Flamingos are beautiful wild beings that are often seen standing tall in shallow water bodies with one of their legs curled up. They are large with magnificent pink plumage covering their entire bodies, making them look almost ethereal.
Flamingos are among the most immediately recognizable water birds, thanks to their pink plumage and dramatically hooked beaks. They are also communal birds that may dwell in colonies of tens of thousands. Among these colonies is spotted a different-looking flamingo.
Read on to find out more about this rare bird.
Black flamingos are just as exquisite as pink flamingos. They’re rare to come across as they have a genetic condition called melanism, which causes pigment-producing genes to generate more melanin and deposit it in a flamingo’s body. It is one in a billion-time sighting.
Every year, approximately 20,000 greater flamingos flock to a salt lake near Akrotiri, on the Mediterranean island of Cyprus.
A black flamingo was almost unheard of until it was seen. It was first spotted in Israel in 2013 and then in Cyprus in 2015. The bird has only been seen twice, with theories even suggesting that it may have been the same bird.
There is not much information about the sighting in Israel, but the one in Cyprus gained much traction. Seeing it twice alerted the scientists and birders around the world.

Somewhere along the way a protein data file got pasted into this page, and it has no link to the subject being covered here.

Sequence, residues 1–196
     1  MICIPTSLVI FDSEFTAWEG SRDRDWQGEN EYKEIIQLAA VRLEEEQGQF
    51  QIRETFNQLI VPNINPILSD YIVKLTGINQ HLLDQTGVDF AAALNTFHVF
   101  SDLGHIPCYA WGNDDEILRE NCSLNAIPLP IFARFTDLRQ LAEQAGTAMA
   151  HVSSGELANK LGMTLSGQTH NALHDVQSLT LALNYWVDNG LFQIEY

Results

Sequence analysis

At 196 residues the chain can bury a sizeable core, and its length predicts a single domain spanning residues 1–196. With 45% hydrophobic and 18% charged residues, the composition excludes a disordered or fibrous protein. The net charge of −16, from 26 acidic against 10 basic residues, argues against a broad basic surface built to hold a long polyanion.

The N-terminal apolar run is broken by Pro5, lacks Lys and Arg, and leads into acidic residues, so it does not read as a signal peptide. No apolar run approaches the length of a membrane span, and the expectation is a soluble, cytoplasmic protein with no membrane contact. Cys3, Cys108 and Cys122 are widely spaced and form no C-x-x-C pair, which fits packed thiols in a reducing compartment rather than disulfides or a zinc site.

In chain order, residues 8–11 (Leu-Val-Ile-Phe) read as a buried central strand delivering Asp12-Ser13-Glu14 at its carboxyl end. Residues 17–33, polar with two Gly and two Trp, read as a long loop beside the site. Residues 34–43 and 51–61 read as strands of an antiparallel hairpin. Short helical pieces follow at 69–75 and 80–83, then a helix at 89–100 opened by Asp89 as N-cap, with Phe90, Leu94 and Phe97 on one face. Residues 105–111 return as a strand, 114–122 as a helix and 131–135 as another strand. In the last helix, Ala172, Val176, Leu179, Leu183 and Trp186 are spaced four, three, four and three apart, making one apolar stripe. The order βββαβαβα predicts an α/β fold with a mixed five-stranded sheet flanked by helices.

Imagine the delight of observers from the Akrotiri Environmental Education Centre when they discovered an ebony flamingo while performing a flamingo census. This tally is generated regularly, and 20,000 pink flamingos are expected.
Check out this rare footage of a black flamingo spotted in Cyprus.
You may be questioning why both sightings are related. This is because Flamingos may be non-migratory birds, but they can move. Flamingo settlements are not necessarily permanent due to variations in their nesting sites’ temperature and water levels.
Breeding colonies in high-altitude lakes that may freeze over in the winter migrate to warmer climates. The majority of flamingos that migrate will reproduce in their original settlement. Some may, however, choose to join a nearby colony. Some flamingo populations may also be forced to move due to drought.
It is, therefore, quite a possibility that the blackbird spotted in Israel may have relocated to Cyprus by 2015.
DID YOU KNOW?
The majority of the time, flamingos move at night.
An argument was initiated saying that the timespan between the two sightings is of two years. The flamingo may even have passed during this time. This argument, however, has no substance. We have no reason to believe that the bird may have died especially considering the lengthy average lifespan!
DID YOU KNOW?
An American Flamingo's average life expectancy in the wild is 40 years, and in confinement, they can survive for up to 60 years.
There was another argument that played with probability. Black flamingos are extremely rare, yet simple probability implies that there isn’t just one of them. So although the chances of a flamingo being born melanistic are slim, there are enough of them.